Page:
I read all the research, I watched all the videos, I listened to Jackson Galaxy going on and on about a species-appropriate diet, and I was ready. I was going to go Raw with my Bengals. I went out and bought bunches of chicken hearts and livers from my local Farmer's Market, thinking my cats would take to it immediately, and we were on the exciting road to Raw! When I tried mixing a small amount into their canned food, (as it is generally recommended in transitioning a kitty to anything new), things didn't go as I thought they would. Casanova sniffed it, gave it a skeptical yet polite lick, and looked at me as if to say, "Hey, this may have gone bad. Just saying." Aurora wasn't too convinced, either. I decided to give it a rest for a bit, so as not to turn them off to it altogether, and kept the hearts and livers frozen for later while I thought of how I was going to approach this. Turns out it would take longer than I thought! (This may not be everyone's experience - some have no problem at all transitioning their kitties - it just depends on the cat's taste and your presentation.)
I started to think of what to do. We used to feed human baby food mixed in with canned food for extra protein, but was noticing that everyone kept scratching around their ears, which is a sign that there may be a food allergy. Needless to say, that was the first thing to go. I switched to EVO grain free canned food and kibble (for nibbling.) I started to see them scratching less, and their poop was not smelling as putrid as before. Based on my research, this was an encouraging improvement.
Then I turned to the treats, to see how it can be improved there. All of my Bengals, adults and babies alike, absolutely adore the HALO freeze-dried chicken and beef snacks. If I let them, they'll eat a whole container in one sitting. That was the closest to Raw they had ever had, and while I like the fact that they can gnaw on it and clean their teeth in the process. I did not like the fact that it had carrageenan in it, an additive that enhances taste and texture, but is a known carcinogen. (It was due to carrageenan that I also switched from Wellness CORE to EVO canned food.)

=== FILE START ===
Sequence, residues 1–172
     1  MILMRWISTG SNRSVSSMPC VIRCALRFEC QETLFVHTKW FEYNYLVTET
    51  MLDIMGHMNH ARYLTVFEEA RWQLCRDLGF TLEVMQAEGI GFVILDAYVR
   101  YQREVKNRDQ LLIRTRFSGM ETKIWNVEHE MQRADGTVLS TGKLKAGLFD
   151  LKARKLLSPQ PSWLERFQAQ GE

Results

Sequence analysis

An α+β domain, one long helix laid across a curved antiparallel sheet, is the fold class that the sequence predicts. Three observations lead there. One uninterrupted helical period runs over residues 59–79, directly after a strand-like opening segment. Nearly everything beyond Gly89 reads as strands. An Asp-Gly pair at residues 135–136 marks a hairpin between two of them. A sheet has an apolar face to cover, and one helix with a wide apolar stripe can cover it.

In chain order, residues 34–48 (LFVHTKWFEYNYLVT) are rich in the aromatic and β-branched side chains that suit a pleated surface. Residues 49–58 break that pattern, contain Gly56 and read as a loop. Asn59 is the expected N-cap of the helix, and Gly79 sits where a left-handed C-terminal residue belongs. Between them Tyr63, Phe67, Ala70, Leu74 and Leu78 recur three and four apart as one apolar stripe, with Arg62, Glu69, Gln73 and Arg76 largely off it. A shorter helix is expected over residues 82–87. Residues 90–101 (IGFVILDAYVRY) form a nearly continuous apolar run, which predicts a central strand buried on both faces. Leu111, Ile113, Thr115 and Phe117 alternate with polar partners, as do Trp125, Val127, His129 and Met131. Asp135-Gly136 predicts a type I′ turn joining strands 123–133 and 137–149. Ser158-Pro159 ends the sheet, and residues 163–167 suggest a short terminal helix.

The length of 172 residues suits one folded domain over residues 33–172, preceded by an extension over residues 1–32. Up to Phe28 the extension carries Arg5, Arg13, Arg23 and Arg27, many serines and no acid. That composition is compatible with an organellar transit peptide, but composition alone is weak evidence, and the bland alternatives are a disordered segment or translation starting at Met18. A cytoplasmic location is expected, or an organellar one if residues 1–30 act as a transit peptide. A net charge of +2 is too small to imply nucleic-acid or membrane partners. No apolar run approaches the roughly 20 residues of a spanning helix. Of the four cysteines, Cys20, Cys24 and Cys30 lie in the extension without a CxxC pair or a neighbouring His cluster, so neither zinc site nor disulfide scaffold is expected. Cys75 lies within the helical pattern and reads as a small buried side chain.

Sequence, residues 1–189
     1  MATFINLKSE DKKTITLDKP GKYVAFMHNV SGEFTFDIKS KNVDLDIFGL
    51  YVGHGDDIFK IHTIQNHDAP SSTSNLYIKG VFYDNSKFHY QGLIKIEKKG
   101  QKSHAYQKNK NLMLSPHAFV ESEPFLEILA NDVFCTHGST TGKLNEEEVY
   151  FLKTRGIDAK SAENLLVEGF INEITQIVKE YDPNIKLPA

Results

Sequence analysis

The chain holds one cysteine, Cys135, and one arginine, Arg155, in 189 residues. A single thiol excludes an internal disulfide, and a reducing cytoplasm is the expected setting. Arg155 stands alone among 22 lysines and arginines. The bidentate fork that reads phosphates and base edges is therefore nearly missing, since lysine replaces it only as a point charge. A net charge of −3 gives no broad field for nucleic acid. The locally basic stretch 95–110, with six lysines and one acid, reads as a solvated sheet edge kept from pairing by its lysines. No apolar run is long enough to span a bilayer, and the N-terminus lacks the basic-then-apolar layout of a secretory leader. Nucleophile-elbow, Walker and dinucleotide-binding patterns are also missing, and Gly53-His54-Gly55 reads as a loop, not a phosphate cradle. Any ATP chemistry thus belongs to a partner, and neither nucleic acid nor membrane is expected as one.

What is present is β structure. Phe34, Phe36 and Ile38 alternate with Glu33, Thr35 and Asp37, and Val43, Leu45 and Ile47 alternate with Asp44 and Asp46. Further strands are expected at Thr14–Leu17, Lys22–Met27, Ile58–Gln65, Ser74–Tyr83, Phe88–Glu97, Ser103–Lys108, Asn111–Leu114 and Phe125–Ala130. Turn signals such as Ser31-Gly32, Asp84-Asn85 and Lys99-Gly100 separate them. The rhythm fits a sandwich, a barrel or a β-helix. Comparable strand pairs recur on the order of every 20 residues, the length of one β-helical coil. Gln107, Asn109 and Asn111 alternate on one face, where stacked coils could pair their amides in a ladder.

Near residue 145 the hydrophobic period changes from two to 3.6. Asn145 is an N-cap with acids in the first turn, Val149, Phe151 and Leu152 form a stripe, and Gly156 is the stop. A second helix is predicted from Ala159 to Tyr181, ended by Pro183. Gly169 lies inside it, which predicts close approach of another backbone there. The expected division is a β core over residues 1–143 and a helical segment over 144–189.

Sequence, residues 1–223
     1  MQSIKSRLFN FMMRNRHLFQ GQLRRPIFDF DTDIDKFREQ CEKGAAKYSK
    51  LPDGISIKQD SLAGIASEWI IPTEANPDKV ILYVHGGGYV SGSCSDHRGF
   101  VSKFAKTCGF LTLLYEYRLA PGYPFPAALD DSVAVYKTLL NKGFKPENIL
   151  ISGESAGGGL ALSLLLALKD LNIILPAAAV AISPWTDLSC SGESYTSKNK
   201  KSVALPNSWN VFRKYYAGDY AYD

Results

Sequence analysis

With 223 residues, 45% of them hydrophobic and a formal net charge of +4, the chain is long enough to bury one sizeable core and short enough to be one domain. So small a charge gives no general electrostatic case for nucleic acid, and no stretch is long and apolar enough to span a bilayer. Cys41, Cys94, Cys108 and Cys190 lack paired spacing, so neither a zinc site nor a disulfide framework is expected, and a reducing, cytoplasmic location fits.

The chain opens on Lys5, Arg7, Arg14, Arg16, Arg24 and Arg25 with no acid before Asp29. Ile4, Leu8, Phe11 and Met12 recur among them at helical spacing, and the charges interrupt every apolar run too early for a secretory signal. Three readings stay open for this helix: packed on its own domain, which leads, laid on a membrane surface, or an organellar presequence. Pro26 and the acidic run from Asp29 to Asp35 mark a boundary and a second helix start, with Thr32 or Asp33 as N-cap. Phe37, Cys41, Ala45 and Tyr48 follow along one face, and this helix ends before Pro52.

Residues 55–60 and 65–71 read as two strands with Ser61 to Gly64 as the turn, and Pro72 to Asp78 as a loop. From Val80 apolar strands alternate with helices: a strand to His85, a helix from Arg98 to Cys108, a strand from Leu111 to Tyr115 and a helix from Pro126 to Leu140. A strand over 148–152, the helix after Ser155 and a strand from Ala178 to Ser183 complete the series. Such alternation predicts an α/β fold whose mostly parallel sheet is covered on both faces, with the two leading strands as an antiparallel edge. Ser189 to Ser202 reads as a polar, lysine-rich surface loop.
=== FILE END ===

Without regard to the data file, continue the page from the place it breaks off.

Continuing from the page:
Edit: 3/4/16 - EVO also contains carrageenan, so we started going with Nature's Variety Instinct brand. They use Montmorillonite Clay instead as an anti-caking agent. Nature's Variety does sneak in a fair share of veggies, as do many cat food manufacturers, but their main ingredients are meat-based. Here is the list of ingredients on the Chicken variety (a major favorite with our kitties - the Rabbit has a dry texture and was not very popular with my royal court, haha.)
Chicken, Turkey, Chicken Liver, Chicken Broth, Ground Flaxseed, Montmorillonite Clay, Eggs, Peas, Carrots, Lecithin, Dried Kelp, Potassium Chloride, Salt, Minerals (Zinc Proteinate, Iron Proteinate, Copper Proteinate, Manganese Proteinate, Sodium Selenite, Cobalt Proteinate, Potassium Iodide), Vitamins (Vitamin E Supplement, Thiamine Mononitrate, Niacin Supplement, d-Calcium Pantothenate, Pyridoxine Hydrochloride, Riboflavin Supplement, Vitamin A Supplement, Biotin, Vitamin D3 Supplement, Vitamin B12 Supplement, Folic Acid), Taurine, Choline Chloride, L-Ascorbyl-2-Polyphosphate, Artichokes, Cranberries, Pumpkin, Tomato, Blueberries, Broccoli, Cabbage, Kale, Parsley